Automated lighting control for the home is no longer the province of the rich and famous. Product lines, reduced in cost and scaled to fit both simple and complex scenarios, have hit the market, favorably coinciding with several years of healthy consumer spending on residential real estate. 'Lighting automation systems are a growing area of interest for homeowners because they have a measurable impact on quality of life and home value,' says John Taylor, product line manager for the Watt Stopper (www.wattstopper.com). While the primary demand driver is lifestyle, manufacturers say the primary supply drivers are declining end-user cost, less upfront design, more flexibility, and seamless integration with other home automation systems.
Lighting automation can be as small as a one-room scene-control system or as complex as a whole-house system, managing both indoor and outdoor lighting, as well as the security, home theater, and home automation systems. The security benefits are particularly appealing to homeowners. 'Users can activate exterior and interior entryway lighting from the safety of a car using a remote control,' says Mark Cerasuolo, director of brand development for Leviton Manufacturing (www.leviton.com), 'or schedule lighting to automatically turn on and off during vacation. In an emergency, lighting can automatically activate to light a path out of the house.'
The growing popularity of lighting control systems has made them a promising source of revenue for manufacturers and potentially, for designers. An estimated 1.5 million homes were scheduled for construction in 2004. According to the NAHB/CEA State of the Builder Technology Market Study, about 7.4 percent of these new homes featured automated lighting controls, up from just 1.1 percent in 2003. And the pot continues to get bigger, with the National Association of Home Builders (NAHB) projects, projecting about 1.8 million housing starts for 2005. 'Consumers are now expecting this type of system to be installed in the home they are building or remodeling,' says Ari Supran, manager of residential marketing for Lutron (www.lutron.com). 'The more educated the designer is about the available systems, the better equipped they are to satisfy their clients.'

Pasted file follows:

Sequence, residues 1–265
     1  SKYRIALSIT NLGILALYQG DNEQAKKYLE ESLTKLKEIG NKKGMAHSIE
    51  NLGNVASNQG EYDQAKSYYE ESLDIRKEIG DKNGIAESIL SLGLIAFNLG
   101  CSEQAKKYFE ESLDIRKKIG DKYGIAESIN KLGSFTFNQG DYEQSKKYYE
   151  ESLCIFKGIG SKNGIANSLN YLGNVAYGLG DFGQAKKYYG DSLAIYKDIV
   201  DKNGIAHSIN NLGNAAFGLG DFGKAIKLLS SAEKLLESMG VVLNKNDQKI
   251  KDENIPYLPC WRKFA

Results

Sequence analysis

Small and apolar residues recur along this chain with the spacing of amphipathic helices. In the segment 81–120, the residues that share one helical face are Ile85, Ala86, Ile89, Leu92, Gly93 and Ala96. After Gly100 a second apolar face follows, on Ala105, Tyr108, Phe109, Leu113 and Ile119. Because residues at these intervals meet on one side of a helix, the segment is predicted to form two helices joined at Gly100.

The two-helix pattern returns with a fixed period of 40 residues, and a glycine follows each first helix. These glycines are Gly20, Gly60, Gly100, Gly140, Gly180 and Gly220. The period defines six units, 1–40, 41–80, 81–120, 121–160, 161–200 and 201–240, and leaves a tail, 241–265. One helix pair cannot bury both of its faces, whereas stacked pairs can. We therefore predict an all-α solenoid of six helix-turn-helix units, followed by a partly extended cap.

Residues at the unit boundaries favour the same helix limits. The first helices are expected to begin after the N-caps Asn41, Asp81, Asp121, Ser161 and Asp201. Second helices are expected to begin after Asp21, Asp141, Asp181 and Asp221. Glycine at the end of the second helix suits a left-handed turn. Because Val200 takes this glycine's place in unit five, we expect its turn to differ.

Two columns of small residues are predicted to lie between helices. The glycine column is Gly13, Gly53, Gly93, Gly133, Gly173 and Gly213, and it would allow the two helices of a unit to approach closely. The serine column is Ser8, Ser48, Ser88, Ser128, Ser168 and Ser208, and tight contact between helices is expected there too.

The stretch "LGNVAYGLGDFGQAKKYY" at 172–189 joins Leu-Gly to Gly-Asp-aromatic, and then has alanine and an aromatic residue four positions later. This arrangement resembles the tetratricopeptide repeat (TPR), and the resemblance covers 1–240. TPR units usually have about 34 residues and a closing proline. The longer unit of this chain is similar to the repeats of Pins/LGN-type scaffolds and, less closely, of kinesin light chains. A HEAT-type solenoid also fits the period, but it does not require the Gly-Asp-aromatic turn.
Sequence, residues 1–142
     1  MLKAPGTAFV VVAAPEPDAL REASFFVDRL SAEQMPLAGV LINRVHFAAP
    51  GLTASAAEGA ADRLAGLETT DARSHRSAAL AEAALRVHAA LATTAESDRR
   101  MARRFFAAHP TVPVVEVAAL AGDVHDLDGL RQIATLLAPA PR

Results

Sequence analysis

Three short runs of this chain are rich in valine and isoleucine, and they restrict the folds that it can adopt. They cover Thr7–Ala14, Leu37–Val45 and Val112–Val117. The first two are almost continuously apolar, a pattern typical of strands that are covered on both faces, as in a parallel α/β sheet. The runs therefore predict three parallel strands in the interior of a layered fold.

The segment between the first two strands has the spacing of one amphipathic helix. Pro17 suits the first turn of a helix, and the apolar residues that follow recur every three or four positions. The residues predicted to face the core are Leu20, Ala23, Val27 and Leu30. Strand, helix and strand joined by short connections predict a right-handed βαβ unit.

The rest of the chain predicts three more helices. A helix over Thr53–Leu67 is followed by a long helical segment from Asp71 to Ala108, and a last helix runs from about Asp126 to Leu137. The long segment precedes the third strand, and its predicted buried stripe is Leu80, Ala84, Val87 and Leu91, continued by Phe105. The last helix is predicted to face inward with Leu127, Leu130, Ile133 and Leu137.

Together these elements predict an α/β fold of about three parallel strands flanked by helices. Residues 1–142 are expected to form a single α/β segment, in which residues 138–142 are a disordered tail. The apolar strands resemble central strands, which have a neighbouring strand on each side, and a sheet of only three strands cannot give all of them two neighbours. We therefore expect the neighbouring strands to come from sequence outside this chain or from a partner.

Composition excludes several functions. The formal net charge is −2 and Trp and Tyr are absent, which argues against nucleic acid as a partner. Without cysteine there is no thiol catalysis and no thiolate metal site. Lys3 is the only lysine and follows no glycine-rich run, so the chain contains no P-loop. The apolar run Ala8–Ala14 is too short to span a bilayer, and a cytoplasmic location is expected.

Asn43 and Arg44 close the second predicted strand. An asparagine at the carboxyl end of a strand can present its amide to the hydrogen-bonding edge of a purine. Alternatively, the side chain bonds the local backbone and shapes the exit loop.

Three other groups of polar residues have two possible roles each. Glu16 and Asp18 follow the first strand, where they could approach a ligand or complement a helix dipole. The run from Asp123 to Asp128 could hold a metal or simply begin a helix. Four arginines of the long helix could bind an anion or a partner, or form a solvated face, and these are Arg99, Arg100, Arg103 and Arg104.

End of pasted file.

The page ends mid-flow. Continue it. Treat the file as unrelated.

ADVICE TO DESIGNERS
As always, a successful solution begins with good designer-client communication. 'Understanding the experience a homeowner wants, the budget constraints, and the age of the home will aid in selection of the technology-for example, wireless versus hardwired-and the manufacturer,' notes Taylor. Also it is important to determine where the family spends most of its time, since these spaces will likely require more options and points of control.
Let the lighting system guide your lighting design,' Supran advises. 'Knowing that a home is going to have dimmers instead of switches may result in the use of additional task lighting or pin-spots.' He also notes that it is important to be consistent with the design and layout of the keypads. 'If every keypad consistently has four scene buttons, plus 'all on' and 'all off,' the homeowner will find it much more intuitive.'
Controls also allow for that lighting design basic: layering. 'You no longer need to run around adjusting dimmers,' says Gary Meshberg, director of marketing for Lightolier Controls (www.lightolier.com). 'One tap does it. So go ahead and use several dimming zones and layer your lighting. Break up the lighting so you can spot the silk flowers on the dining room table without lighting up the entire room.'
Lastly, designers try this at home. 'Like anything, specifying a system and living with one are two different things,' says Meshberg. 'Use your home and 'typical' lifestyle routines as a powerful way to talk and sell your system and service. Even if you are unable to live with a system, the 'after' installation flexibility encourages on-site changes, without taking off a faceplate.' craig dilouie